So if you swab for generic listeria and get a positive hit........then what?  You will never be able to eradicate it as it will be constantly coming into your plant via the soil. 

 

The repercussions can be mild (total plant shut down) to massive (product recall)............so I will repeat. make sure if your swabbing you are swabbing for L.Mono and not generic

 

 

What exactly are you processing...........roots....carrots? onions? turnip?  You said washing roots.........understanding your commodity will help here


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#6 VickieLew

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Posted 05 December 2018 - 06:51 PM

It seems that everyone that has replied so far, doesn't question the requirement or need for an environmental monitoring program for your facility.  I could be missing something....but I do question this.  Are you SURE you need an pathogen environmental monitoring program? 

I pulled this excerpt directly off of the FDA FSMA website:

"Product testing and environmental monitoring are also possible verification activities, required as appropriate to the food, facility, nature of the preventive control, and the role of that control in the facility’s food safety system. Environmental monitoring is required if the contamination of a ready-to-eat food with an environmental pathogen is a hazard the facility identified as requiring a preventive control."

1. Have you completed a hazard analysis, including hazard identification and risk assessment (severity x likelihood)? 

2. Did the hazard analysis identify a hazard requiring a preventive control? 

3. Where Is the hazard requiring control controlled?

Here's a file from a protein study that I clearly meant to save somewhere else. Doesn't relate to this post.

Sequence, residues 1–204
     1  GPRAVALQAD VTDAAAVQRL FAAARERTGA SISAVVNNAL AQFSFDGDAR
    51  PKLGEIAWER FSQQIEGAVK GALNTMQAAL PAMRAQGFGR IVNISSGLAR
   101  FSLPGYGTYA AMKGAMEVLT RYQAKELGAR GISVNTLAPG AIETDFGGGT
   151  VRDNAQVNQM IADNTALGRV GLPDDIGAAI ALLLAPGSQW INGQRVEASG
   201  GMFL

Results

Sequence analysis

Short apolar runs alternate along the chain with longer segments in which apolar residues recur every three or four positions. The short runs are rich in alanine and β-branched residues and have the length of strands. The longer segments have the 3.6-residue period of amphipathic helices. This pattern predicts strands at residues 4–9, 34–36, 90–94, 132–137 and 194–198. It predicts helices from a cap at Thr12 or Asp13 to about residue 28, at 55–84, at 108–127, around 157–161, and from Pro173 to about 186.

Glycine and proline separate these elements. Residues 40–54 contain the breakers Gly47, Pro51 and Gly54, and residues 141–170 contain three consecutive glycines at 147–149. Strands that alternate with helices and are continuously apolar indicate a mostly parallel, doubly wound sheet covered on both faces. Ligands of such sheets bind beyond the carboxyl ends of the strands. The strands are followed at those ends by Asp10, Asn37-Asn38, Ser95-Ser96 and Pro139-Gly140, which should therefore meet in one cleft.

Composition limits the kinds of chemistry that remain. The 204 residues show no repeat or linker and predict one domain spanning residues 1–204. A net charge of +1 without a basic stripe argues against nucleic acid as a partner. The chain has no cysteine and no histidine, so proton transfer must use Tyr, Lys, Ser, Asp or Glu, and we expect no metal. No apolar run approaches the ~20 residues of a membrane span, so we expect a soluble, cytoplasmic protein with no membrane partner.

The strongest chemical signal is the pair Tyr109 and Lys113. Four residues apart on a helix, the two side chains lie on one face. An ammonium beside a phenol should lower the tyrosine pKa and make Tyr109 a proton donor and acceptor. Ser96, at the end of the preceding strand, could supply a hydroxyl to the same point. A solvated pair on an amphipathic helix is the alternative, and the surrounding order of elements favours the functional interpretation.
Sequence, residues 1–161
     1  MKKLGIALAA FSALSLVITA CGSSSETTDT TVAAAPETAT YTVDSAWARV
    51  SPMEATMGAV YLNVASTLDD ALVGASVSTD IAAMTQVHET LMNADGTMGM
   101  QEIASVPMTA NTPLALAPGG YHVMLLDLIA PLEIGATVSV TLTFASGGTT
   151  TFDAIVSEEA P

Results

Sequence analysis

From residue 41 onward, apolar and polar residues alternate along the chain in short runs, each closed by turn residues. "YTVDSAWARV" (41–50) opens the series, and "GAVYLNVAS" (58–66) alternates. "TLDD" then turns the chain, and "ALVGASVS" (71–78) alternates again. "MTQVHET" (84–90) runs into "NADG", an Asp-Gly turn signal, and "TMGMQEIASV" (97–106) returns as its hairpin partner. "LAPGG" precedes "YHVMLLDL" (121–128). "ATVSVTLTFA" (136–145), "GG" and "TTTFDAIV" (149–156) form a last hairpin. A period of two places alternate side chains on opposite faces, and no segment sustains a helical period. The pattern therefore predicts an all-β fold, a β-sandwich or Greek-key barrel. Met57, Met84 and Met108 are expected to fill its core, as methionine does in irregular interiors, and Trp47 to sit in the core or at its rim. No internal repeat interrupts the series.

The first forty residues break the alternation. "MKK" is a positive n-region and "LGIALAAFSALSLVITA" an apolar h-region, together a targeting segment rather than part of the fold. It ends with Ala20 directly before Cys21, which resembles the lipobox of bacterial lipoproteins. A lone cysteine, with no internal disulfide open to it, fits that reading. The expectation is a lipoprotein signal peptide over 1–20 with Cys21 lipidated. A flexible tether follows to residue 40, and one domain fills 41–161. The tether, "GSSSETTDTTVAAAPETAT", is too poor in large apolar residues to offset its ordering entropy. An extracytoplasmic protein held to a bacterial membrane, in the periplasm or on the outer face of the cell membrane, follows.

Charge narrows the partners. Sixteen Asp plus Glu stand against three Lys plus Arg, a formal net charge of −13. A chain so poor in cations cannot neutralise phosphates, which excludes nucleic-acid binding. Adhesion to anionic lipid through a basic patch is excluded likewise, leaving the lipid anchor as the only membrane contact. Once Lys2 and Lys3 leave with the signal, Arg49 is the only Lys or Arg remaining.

A.  Is it controlled by your process in your facility?  

          1) at this process step? 

          2) at a later process step? 

     B.  Does your customer or customer's customer need to control the hazard? Can the item be consumed without further processing, irrespective of food safety?   

You are calling this a NON-RTE item, and your process descriptions supports that.  To me, it doesn't sound like you have a preventive control in place that requires monitoring, corrective actions and/or verification.  Pathogen environmental testing is a verification activity for Sanitation-Preventive controls, done to ensure that sanitary conditions are established and maintained throughout the process.

I recommend checking around with external experts, knowledgeable with your process and item, get their input...before spending too much on a consultant!

good luck!

 


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#7 Scampi

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Posted 05 December 2018 - 07:06 PM

VivkieLew...couldn't agree more......but it would appear BRC DEMANDS it and SQF requires at the very least a risk assessment to be done supporting your argument not to

We process shelf stable products with literally tons of research about the lack of pathogens ability to survive and even then SQF gave me the ridiculous run around...

CFIA has the same stand as you've mentioned above..................seems GFSI's at least partially think they know something the scientists do not


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#8 IKE

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Posted 05 December 2018 - 07:34 PM

VickieLew and Scampi

 

Thanks for chiming in. Yes we are stuck with the requirement thanks to GFSI. You are exactly right about FDA requirements and that was my response to the desk auditor, but alas it was deemed insufficient. His grounds for requirement was that GFSI is a "global" standard and therefore trumps our regulatory requirements (hence my snide remark about the GFSI ego stroking). I understand the point but it seems that they should provide a scientific rationale for the requirement. IMO the regulators are showing much better application of logic here than GFSI. 

 

And to clean up the rest of the questions.